Initially, it was the signs that attracted me. Okay, actually it was the proximity to the Office Depot at the corner of Mufreesboro Rd. and Thompson lane that attracted me, but it was the signs that drew me across the parking lot. "Honduras Restaurant. Centro America Food."
Two signs, five words, no adjectives. I had to check it out. Since that fateful day the old Hondo has become a fairly regular lunch break for me and a few of my more adventurous amigos. Entering the glass front door in the strip mall next to the darkened Honduran nightclub is like stepping off the edge of the continent. Between the utter lack of English-speaking staff or patrons and the blaring telenovelas, Spanish variety shows and regional fútbol games on the ancient Magnavox, I can pretty much completely check out of reality of the daily work day grind for a half hour.
The smiling server always hands me a dinner menu and then inevitably forbids me to even look at it in favor of the daily lunch special. With my rudimentary high school Spanish I can usually identify the order and family but not necessarily the genus and species of the main protein. Yet I have never been disappointed.
Most times I am presented with a small plate of complimentary nachos topped with creamy frijoles and powdered Honduran cheese. Is this a special amuse-bouche just for me or do they offer it to every gringo? I don't know because I've never seen another one that I didn't bring with me. Would I be as welcome at dinner as the staff makes me feel at lunch? I'm not sure, but I imagine when the lights go up in the attached Honduran honky tonk it might get pretty rough in there for a yanqui.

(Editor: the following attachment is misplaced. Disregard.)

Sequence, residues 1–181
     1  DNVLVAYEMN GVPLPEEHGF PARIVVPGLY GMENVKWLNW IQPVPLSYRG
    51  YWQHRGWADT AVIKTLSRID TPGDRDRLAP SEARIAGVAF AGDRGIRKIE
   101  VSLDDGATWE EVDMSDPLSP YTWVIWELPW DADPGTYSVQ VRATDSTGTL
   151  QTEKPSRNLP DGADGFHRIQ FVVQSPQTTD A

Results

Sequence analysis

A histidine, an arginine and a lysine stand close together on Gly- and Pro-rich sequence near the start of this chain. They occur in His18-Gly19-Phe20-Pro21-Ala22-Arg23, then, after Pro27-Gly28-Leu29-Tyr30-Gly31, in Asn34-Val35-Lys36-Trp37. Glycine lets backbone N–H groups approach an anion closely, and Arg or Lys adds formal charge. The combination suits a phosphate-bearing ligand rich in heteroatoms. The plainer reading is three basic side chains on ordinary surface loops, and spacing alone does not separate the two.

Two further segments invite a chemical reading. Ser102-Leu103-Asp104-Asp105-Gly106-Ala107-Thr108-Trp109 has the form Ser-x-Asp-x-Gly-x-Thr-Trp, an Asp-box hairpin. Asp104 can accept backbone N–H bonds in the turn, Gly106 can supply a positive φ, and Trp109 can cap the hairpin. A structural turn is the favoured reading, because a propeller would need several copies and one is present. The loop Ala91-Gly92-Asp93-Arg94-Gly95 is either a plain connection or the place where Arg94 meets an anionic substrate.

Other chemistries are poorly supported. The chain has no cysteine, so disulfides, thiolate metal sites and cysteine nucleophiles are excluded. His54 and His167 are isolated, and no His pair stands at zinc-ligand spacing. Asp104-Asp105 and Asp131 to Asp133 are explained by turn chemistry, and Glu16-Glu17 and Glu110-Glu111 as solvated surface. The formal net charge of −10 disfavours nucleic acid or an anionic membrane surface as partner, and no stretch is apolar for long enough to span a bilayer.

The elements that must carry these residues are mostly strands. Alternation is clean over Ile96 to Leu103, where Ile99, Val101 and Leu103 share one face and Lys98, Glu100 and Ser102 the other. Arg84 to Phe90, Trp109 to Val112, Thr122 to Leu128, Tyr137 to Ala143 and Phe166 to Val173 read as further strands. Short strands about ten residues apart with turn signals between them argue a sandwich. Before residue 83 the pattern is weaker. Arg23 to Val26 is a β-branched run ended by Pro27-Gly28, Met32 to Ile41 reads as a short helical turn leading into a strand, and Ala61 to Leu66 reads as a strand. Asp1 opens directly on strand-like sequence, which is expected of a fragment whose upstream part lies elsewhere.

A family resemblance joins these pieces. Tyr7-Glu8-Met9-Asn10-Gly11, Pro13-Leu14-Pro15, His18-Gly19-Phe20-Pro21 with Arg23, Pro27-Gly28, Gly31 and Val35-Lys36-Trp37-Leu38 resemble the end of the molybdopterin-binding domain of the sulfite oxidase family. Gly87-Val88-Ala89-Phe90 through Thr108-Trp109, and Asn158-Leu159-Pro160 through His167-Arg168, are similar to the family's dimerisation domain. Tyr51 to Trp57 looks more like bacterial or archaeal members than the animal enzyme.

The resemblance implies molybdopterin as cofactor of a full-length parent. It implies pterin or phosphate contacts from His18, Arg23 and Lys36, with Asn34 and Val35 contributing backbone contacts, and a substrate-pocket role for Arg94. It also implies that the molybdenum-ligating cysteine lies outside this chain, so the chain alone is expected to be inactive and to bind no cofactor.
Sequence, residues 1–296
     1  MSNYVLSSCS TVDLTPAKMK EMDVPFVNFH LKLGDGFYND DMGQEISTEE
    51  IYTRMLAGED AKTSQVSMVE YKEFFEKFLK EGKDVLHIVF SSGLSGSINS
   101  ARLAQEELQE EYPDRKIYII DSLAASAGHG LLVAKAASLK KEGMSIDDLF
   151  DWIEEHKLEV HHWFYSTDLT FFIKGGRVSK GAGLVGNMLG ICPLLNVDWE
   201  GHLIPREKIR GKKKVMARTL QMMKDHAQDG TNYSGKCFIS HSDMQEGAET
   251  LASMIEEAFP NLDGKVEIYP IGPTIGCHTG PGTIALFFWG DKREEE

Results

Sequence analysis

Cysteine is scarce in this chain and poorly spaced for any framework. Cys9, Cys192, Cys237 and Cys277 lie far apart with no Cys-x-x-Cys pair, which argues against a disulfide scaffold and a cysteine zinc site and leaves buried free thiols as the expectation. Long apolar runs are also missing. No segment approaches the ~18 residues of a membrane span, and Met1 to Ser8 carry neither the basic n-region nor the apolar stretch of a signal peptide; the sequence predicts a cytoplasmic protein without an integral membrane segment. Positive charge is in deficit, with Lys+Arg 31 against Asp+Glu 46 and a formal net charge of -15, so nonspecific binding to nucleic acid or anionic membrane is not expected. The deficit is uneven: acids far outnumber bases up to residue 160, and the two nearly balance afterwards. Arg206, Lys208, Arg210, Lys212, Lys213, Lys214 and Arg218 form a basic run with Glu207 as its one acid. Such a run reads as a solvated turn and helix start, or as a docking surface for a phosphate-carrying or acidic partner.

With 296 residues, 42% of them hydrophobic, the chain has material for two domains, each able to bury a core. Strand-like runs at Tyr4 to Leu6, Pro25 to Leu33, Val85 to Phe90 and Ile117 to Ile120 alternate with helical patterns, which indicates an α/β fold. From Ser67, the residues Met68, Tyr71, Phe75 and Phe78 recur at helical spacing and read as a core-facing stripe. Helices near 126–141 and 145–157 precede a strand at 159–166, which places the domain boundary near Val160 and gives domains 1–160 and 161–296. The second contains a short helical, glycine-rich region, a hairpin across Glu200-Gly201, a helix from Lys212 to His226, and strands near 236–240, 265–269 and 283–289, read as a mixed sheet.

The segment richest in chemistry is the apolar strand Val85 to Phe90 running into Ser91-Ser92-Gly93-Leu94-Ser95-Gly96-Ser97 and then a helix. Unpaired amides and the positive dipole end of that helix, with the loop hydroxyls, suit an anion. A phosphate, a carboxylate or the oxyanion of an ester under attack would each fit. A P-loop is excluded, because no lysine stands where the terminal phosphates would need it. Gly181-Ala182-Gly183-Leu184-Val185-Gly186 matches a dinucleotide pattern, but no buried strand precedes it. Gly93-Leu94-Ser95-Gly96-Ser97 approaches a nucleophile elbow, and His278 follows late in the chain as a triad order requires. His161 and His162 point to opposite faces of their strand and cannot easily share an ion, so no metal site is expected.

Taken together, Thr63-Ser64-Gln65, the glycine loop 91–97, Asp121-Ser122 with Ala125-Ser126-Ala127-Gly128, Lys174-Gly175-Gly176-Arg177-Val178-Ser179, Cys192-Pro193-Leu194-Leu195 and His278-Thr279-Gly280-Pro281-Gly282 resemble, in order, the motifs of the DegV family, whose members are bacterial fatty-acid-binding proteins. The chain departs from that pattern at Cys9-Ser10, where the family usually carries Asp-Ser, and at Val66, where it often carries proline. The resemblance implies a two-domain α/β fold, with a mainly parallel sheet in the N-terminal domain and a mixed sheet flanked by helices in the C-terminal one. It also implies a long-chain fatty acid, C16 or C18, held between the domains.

Usually, the lunch special is a quarter chicken roasted with carrots and potatoes simply seasoned with lime, red pepper and salt. It has rapidly become my second favorite thigh in town behind Jimmy Carl's smoky chicken. Well, third favorite if you count that hot Musica chick with the tambourine. Rowr.
The accompanying pinto beans and white rice definitely benefit from a healthy helping of the red jalapeño hot sauce provided on each table. Knife and fork are necessary, but mainly to render the ingredients of platter into convenient size dollops to eat with the delicious grilled corn flatbreads served with every meal.
Eight bucks buys you the whole platter plus bottomless glasses of sweet fruity aguas frescas. I prefer the maracuja (passion flower), a sweet/sour flavor sadly overlooked for the most part here in the States. I'd tell you to say Bites sent you if you drop by for a visit, but unless you're muy fluent, it would probably get lost in translation anyway.
So where are the joints where you're willing to step outside of your comfort zone for a totally foreign experience? Testify!